Sienna Resources announced that a multi-hole drill program is planned to begin in summer 2019 on Sienna's flagship nickel, copper and cobalt Slättberg Project in Sweden.
Data gathered from the 2018 Slättberg drill program, in addition to downhole Electro-Magnetic surveys and modern sampling & geophysical work have provided multiple new high priority drill targets. This work program is fully funded by cash on hand.
Jason Gigliotti, President of Sienna states, “The initial results of the 2018 drill program were encouraging but further target definition was required. Follow up EM surveys and new sampling has provided new multiple high priority drill targets, which we plan to test this summer. We look forward to a very active 2019 as we still have cash reserves to cover the planned drill program.”
Slättberg is located 25 kilometers northwest of Falun, Sweden. Slättberg is a historic mining camp hosting cobalt-nickel-copper rich massive sulfide mineralization that occurs within a two kilometer belt of historic nickel-copper mines. The Project contains drill defined massive sulfide mineralization that extends to ~100 meters in depth, and remains open for expansion at depth and along strike. The Project is accessible year round, with nearby rail, power and 5 smelters in the Nordic region. At least 16 historic mines are located on the property, with historic operations dating back to the late 1800s.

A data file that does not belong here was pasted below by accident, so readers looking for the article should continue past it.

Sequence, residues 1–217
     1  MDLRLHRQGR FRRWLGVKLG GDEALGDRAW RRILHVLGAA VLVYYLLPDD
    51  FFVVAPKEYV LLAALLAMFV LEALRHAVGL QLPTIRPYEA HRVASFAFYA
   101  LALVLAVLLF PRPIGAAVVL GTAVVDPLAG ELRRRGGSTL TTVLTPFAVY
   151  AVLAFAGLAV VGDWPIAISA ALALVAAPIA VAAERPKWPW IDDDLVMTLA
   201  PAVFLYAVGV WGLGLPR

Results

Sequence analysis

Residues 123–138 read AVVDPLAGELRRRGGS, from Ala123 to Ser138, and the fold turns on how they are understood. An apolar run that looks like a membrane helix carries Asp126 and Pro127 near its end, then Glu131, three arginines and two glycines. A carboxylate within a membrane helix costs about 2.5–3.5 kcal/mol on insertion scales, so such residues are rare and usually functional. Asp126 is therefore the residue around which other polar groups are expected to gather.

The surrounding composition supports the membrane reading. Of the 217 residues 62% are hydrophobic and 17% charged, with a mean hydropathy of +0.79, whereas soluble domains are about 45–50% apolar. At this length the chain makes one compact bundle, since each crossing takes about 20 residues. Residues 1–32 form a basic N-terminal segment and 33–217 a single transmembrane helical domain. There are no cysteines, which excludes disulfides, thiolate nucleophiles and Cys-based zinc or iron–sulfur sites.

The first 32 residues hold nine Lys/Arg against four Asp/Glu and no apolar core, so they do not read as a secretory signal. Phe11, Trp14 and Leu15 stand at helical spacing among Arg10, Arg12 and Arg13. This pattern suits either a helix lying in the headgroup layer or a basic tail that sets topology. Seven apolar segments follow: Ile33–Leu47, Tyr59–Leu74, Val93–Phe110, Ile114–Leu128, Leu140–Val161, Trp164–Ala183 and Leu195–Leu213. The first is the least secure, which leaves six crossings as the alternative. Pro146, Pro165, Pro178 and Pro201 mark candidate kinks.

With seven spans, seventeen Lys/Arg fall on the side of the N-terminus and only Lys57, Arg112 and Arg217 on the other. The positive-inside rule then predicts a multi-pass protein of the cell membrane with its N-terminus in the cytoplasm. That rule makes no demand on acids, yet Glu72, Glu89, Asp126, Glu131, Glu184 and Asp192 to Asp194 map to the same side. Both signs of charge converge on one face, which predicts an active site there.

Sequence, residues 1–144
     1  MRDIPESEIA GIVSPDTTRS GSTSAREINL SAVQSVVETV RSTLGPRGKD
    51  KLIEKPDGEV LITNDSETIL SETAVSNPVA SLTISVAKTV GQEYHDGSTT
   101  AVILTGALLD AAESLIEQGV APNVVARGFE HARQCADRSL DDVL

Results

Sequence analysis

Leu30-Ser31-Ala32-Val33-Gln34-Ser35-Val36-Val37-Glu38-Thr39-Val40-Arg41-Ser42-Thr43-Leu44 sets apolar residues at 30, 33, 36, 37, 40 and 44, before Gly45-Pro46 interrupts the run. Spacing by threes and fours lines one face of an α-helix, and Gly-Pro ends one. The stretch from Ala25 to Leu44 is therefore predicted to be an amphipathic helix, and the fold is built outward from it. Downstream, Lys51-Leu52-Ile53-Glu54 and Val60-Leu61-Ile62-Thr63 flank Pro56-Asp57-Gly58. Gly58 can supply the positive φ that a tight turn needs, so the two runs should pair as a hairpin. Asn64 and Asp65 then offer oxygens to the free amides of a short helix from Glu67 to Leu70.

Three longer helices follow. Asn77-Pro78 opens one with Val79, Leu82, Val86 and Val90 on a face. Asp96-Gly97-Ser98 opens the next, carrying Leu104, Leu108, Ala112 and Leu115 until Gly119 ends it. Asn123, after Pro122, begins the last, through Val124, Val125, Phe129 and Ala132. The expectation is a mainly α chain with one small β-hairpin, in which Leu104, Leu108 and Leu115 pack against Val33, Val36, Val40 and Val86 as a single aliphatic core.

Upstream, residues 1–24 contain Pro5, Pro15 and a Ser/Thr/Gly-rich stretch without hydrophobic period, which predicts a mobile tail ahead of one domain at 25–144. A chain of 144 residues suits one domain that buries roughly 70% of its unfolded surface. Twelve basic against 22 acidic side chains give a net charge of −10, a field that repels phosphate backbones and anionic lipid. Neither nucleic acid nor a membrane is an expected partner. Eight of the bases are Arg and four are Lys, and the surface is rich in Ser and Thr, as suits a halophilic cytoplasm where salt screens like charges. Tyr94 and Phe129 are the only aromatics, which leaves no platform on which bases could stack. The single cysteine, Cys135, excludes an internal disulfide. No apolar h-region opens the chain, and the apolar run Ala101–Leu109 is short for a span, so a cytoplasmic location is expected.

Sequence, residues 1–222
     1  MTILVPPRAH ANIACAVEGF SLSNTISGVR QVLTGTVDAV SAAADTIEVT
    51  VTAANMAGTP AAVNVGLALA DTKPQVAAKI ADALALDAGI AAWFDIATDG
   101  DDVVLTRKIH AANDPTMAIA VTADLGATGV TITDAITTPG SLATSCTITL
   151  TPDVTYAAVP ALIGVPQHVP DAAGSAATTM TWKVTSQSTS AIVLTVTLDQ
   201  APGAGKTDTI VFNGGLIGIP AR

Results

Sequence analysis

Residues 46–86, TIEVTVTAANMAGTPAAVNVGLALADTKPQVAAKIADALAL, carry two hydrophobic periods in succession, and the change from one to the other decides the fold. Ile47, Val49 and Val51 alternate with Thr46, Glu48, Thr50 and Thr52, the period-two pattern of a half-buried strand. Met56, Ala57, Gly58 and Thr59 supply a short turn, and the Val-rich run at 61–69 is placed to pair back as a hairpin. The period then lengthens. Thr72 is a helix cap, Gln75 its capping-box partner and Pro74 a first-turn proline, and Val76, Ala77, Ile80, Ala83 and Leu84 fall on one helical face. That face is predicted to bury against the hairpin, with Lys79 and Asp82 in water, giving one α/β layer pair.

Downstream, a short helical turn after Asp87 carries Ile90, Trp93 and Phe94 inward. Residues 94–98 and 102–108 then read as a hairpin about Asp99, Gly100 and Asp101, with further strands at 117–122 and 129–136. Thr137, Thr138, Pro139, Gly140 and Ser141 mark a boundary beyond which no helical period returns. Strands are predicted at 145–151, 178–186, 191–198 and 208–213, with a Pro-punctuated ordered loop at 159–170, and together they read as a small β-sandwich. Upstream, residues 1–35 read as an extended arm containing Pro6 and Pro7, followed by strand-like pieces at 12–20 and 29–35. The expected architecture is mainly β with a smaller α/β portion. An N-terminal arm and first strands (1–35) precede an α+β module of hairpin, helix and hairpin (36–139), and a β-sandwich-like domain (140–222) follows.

Mineralization at Slättberg is hosted by 1.8-1.9 Ga (Svecofennian) supracrustal rocks (metavolcanics and metasediments) located along the southwestern flank of a large gabbroic intrusive complex. The historic mines are positioned along an east-west trend of massive sulfide occurrences developed in and around a similarly oriented body of “leptite”. This is a local term used to describe rhyolitic/felsic tuffaceous rocks commonly associated with sulfide mineralization in Bergslagen. Mafic and ultramafic rocks also occur in and around the mine workings.
Sweden is at the forefront of an exploration and development boom in the mining industry. The country’s favorable business environment includes a low corporate income tax rate, a proactive geological survey, and broad public support for export-led resource extraction. Sweden has a long history of mining, and is host to some of Europe’s largest active mines.
Source: Company Press Release.